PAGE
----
I have noticed some small flaked falling off on the outside. I never sealed the dome on the outside against water. I painted some pure cement powder and water on to reduce absorption, but I wanted to try making a swamp cooler originally, so just used whitewash to color. I think that when it is wet and then freezes it causes some of the papercrete to flake off or split. It is not enough to cause concern, but a few small flakes have broken off on the outside. I intend to paint it this summer whenever we get a good span of dry days.

On the inside there are some cracks in the papercrete, but they are small and don't cause a problem. I think they are from the difference in thermal expansion between the metal frame and the papercrete. It is also possible that it is from slight movements of the trampoline when I climb in and out every night since it is just cabled to the underlying frame. I think thermal expansion is more likely though.

I have not made many other improvements, it has been quite comfortable as is. What work I have done is on the giant hot tub, which it turns out is a never ending project. That and the water heater.

If I did another one it would not have the wooden deck. This is starting to look a little weathered (after four years) and will probably rot and collapse eventually. It was the most expensive and weakest part. The storage underneath is nice, but I think a stone or cement or even dirt floor would have been better.

There are also a couple of giant pine trees right next to the dome. They are pretty and provide shade, but every time there is a storm I wonder if they are going to squish me like a little egg. I would not build under such huge trees on the top of a hill in tornado country in the future. It handles high winds quite well, but if you live in a windy place I would suggest you build a little down the hillside or behind a wind break of some sort.

There has not been any problem with mold at all. No water has ever leaked inside and the outside does not seem to want to mold either. I actually tried to grow some moss on the outside at one point. Did not work out... either too much sun or the whitewash was too much for it. I live in Arkansas which is a pretty humid place, I am pretty sure if it has not had trouble here then it unlikely to be a problem.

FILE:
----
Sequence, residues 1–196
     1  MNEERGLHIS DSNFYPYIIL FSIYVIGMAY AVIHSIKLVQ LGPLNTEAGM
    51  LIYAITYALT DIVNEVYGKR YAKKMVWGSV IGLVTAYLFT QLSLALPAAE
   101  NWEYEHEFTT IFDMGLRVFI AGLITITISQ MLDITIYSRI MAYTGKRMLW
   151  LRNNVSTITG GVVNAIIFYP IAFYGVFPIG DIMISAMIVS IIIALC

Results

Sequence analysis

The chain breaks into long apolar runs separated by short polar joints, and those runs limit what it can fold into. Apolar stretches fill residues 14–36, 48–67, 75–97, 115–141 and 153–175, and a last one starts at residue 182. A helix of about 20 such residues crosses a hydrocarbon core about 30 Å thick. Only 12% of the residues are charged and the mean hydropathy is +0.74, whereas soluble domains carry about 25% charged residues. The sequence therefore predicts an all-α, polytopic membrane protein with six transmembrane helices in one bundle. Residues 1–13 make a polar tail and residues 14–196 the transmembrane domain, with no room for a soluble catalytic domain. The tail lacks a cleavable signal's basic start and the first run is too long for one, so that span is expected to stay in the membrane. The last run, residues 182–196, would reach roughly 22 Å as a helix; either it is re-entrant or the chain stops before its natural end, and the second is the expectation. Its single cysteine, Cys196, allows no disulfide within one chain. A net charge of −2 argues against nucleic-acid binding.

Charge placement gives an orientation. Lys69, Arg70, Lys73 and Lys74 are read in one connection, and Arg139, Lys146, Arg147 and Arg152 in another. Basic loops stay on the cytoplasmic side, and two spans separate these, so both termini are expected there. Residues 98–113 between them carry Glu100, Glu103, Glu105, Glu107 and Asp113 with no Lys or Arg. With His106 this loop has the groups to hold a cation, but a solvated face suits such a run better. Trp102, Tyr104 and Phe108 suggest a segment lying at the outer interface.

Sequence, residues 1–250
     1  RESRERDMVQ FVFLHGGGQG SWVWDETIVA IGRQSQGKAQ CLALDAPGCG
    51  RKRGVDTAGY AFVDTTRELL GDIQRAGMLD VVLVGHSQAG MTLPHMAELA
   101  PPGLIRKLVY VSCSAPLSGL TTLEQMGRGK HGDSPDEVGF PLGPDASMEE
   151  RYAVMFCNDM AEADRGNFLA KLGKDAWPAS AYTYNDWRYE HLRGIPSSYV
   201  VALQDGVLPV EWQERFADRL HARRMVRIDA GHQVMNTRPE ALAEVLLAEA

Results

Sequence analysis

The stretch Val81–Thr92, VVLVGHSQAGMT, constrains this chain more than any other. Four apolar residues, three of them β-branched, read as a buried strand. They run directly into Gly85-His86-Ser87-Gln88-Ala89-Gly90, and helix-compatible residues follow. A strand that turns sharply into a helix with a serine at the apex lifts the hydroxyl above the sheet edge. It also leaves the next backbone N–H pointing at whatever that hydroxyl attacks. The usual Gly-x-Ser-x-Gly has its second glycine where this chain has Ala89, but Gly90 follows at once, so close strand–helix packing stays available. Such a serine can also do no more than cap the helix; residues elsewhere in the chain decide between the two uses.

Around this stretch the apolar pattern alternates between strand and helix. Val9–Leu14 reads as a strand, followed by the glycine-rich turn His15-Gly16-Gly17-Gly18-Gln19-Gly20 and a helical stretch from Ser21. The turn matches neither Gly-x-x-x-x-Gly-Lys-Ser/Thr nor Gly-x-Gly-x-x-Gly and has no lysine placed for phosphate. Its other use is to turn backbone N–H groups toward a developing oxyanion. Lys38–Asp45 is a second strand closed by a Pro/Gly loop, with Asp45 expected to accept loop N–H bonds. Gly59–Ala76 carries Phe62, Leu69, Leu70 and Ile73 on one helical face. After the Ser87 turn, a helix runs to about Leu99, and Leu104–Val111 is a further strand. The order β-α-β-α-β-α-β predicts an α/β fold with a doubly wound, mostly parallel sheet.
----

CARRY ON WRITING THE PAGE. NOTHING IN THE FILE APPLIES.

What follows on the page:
Brandon Hoult said...


I plan to build a more permanent dome at some point. It will probably be a little wider (like 25ft instead of 19) and will probably be two stories + the trampoline loft as I have now. The first story would be earth bag since it is much stronger and will support the next story which will be papercrete blocks (not sprayed like the current one). I would much rather work with papercrete over earth bags, but each has it's own strength. Papercrete insulates really well and is easy to work with. Earth bag has thermal mass and is stronger. I may even do cordwood on the exterior or as a workshop at some point. Also I would use palette wrap instead of shrink wrap (but I think I mentioned that elsewhere).

If doing cement I would probably make two metal frames with one being a foot or two wider than the other. Place the smaller inside the larger, wrap them both in palette wrap and pour cement between them. The EMT will serve the same purpose as rebar I think. As long as the shape is correct all the tension is inside the cement and it will not collapse. This is the principle of arches that has been use since roman times. Basically think of chain hanging between two points. Each link is in perfect tension. If all the links were welded together and then it was flipped upside down then you have the perfect arch that if spun around the Y axis gives you a dome. As long as the chain would be inside the inner and outer wall of the dome you build then all the forces are balanced to push on the walls so it will not fall unless is can be crushed. Cement is hard to crush. Therefore the dome shape is about the strongest structure that it is even theoretically possible to build.

Hope this helps. Will write an article later. Need to clean up a bit and take some pictures... and I am really lazy. Keep me posted on whatever you make.

james lockey said...

I have a paperrete dome on terligua like to ee a big pic of yours from the outside